I don’t have children. The closest I’ve ever come to deciding whether or not to have someone else’s genitals altered is getting my border terrier neutered. I do, however, have a best friend with a male infant, and this newly circumcised child happens to be my godson. What has become increasingly irritable to me, to no foreseeable end (just watch the reactions to this little essay of mine), are the rhetorical tactics of hardliner parents who brazenly intrude on the personal decision-making of other parents such as my friend and her husband, who shout and sermonize at them about male circumcision being an unforgivable choice done only by the uninformed or stupid, and who relentlessly, and with all the delusional conviction of fanatics, spin fanciful yarns about shadowy conspiracies and avaricious doctor-butchers.
What is vital to understand about the AAP’s recommendation is that the Academy is not discounting, in any way, the biological purpose or function of foreskin. What the task force has implied, rather, is that whatever the advantages to being an intact male—such as increased sensitivity of the glans, protection, lubrication facilitating better heterosexual intercourse (in addition to the lubricating properties of shed skin cells and oils that accumulate under foreskins, an accentuated coronal ridge may also retract more vaginal fluids during copulative thrusting)—these advantages are overshadowed in importance by the prophylactic benefits of removing highly receptive HIV target cells that are found on the inner mucosal surface of the foreskin. And when performed by a skilled physician on neonates under sterile conditions, circumcision is a quick, safe, minor procedure.
To circumcise, or not to circumcise? To me, at least, that’s no longer even a question. It remains as much a no-brainer as it was when I first wrote about this issue two years ago. If male circumcision reduces the probability of contracting the HIV virus even a fraction of a percent—let alone the estimated 60 percent reduction that scientists believe it does—then why on earth wouldn’t you choose circumcision? Have you ever seen a person slowly succumb to AIDS? The pain inherent therein is not even in the same galaxy of subjective experience as whatever minute qualia of pleasure may or may not be lost to such a “mutilation.” The sacrifice is no longer one made to a mythological deity, but to the child himself. HIV is not just an African problem, the logistics apply to any part of the world where the virus is found, and circumcision protects against more than this one virus alone. If you want to invest in the probability that your son will grow up to become so unfailingly logical that lust will never, not even once, overcome his level-headedness, and that he will always have both a condom on hand and use it every single time that an opportunity to have intercourse with a potentially infected stranger arises, that’s your prerogative. You’ve probably not interacted with many actual human beings in your life, but, hey, it’s your kid.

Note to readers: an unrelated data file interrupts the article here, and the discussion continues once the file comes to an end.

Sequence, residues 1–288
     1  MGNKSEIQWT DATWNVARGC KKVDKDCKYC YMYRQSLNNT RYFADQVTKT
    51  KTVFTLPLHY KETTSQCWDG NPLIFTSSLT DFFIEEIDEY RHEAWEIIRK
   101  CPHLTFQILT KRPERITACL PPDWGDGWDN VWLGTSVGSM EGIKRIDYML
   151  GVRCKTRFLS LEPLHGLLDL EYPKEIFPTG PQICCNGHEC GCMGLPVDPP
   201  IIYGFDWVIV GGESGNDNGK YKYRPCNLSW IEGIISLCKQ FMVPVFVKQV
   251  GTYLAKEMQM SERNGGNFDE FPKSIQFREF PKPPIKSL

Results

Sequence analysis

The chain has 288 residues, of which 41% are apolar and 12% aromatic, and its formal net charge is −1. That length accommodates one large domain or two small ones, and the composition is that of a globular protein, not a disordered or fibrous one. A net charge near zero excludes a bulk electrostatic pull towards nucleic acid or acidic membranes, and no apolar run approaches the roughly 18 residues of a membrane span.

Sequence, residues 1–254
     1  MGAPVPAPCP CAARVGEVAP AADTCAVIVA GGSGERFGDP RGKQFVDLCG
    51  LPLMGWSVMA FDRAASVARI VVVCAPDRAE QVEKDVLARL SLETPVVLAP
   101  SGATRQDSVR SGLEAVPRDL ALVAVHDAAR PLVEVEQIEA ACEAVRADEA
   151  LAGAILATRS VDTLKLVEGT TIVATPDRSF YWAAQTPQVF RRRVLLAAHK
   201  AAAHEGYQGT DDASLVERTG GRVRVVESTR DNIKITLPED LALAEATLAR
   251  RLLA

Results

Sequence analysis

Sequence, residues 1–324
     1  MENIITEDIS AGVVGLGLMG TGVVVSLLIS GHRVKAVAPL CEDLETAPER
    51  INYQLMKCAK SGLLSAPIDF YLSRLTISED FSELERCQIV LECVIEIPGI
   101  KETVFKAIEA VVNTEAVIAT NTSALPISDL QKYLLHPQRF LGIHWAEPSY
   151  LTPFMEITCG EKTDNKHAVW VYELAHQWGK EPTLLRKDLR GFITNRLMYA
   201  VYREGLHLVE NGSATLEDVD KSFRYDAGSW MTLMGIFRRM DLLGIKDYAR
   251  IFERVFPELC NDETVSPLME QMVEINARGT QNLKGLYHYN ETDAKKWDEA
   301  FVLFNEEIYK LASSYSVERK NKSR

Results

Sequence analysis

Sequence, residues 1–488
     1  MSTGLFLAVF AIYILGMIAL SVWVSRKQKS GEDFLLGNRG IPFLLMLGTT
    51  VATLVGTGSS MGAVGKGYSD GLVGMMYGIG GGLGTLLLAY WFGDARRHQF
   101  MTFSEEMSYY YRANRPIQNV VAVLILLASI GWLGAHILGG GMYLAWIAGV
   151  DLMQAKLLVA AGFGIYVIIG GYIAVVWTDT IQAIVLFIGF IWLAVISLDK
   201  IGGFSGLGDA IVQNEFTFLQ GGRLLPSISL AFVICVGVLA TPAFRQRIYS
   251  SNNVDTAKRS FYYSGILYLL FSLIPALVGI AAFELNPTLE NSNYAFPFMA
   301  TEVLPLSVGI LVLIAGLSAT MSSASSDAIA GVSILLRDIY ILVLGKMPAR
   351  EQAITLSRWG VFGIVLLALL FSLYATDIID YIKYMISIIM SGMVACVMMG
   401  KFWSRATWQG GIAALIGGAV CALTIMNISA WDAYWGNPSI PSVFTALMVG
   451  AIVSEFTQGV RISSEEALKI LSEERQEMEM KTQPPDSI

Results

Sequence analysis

One can either listen to outspoken atheist bloggers who can’t seem to understand that this is no longer a religious or cultural issue, the overwrought intactivists attempting to intimidate new parents through strong rhetoric and graphic images of botched circumcisions, the endless stream of nosy polemical parents who are happy to share their judgmental attitudes, or one can take the advice of those who, you know, actually know what the hell they’re talking about. The AAP task force included accomplished pediatric bioethicists, urologists, and anesthesiologists who, in consultation with physician representatives from the Centers for Disease Control and Prevention, the American Academy of Family Physicians, and the American College of Obstetricians and Gynecologists, tediously analyzed mountains of data (and again, peer-reviewed data that were collected by highly trained epidemiologists) under the watchful glare of an American public, many of whom, the task force knew, would remain unconvinced. And yet, despite the anticipated reaction of skepticism and suspicion, still they arrived at their revised recommendation for male circumcision.
What was once unquestionably “inhumane” and “unethical” has, oddly enough, made a complete about-face as a consequence of vitally important scientific data emerging over the brief span of two highly productive decades. Yet many parents continue to be emotionally sabotaged by the baby-harming language of intactivists and online blowhards, whose rhetoric primes them to either see these critical developments in conspiratorial terms or to indulge in amateurish debunking of complicated research.
So here’s one of those rhetorical devices that intactivists should appreciate: Cut it out. For every amazing prepuce you save, you’re adding an element of risk and uncertainty for the person attached to it. Nobody can possibly know what viral foes a man will come up against in his life, and if one of them is HIV, your crusade, admirable though you feel it is, may be costing some other parent their child’s life.
Image via Shutterstock